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Writers Guild says nonfiction TV writers face harsh reality

November 18, 2013|By Richard Verrier
  • Everyone helps out in the garden for an episode of "Doomsday Preppers" on the National Geographic Channel.
Everyone helps out in the garden for an episode of "Doomsday Preppers"… (National Geographic Channel…)

Writers and producers who craft the story lines behind National Geographic Channel's "Doomsday Preppers" and other reality-TV shows lose $40 million annually in lost wages, according to a new survey by the Writers Guild of America, East.

In its latest campaign to highlight alleged abuses in the burgeoning reality-TV sector, the guild said a survey of nonfiction TV writers found widespread violations of New York wage and hour laws, found that writers and producers lose $30,000 each per year in unpaid wages for hours they worked.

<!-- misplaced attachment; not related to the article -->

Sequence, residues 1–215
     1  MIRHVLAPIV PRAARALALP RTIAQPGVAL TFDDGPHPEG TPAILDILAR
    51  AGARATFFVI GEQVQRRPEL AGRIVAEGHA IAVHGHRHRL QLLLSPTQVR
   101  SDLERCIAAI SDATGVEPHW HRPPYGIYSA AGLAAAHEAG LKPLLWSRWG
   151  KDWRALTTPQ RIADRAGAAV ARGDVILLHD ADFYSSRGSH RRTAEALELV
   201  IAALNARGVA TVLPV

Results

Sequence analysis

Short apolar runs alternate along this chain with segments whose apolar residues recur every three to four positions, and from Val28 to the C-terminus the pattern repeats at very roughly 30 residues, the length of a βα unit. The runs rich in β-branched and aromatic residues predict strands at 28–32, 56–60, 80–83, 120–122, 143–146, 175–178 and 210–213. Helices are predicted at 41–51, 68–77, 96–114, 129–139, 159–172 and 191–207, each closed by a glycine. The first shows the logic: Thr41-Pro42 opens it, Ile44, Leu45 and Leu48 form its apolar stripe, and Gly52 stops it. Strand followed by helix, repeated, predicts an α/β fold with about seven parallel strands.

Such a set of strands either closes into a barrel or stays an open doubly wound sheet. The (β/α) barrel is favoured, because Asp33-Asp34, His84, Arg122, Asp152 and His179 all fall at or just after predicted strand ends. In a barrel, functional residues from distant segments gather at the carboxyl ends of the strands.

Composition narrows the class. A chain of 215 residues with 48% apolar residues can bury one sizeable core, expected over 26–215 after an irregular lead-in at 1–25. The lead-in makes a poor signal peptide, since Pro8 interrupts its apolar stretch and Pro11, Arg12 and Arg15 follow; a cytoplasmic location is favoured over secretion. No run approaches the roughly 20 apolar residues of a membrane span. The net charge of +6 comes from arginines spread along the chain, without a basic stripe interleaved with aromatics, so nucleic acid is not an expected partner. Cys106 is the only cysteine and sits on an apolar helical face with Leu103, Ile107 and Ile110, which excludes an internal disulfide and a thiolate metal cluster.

Conducted in July and August, the survey was completed by 315 nonfiction TV writers on various shows, including History Channel's "Pawn Stars," A&E's "The First 48" and Investigation Discovery's "Fatal Encounters."

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Among the findings, nearly half of the respondents said their timecards "never" accurately reflected hours worked, 85% said they never receive overtime pay, and more than 50% said they've had to work 80 hours or more in a week, the guild said in a statement.

“These findings demystify the perception that everyone involved in reality TV is reaping the benefits of the genre’s popularity,” said Lowell Peterson, executive director of the Writers Guild of America, East. “While reality TV is no doubt lucrative for networks and production companies, the men and women doing the actual work are finding they can barely cling to the middle class.”

The Writers Guild of America has been trying for years to extend its contracts to lower-budget cable programs in the nonfiction sector. A dozen writers on the hit reality show "America's Next Top Model" went on strike in 2006, alleging that the show's producer was hindering their efforts to join the Writers Guild of America, West.

A spokeswoman for Discovery Channel declined to comment. Representatives of A&E, which also owns History Channel and National Geographic, could not be reached.


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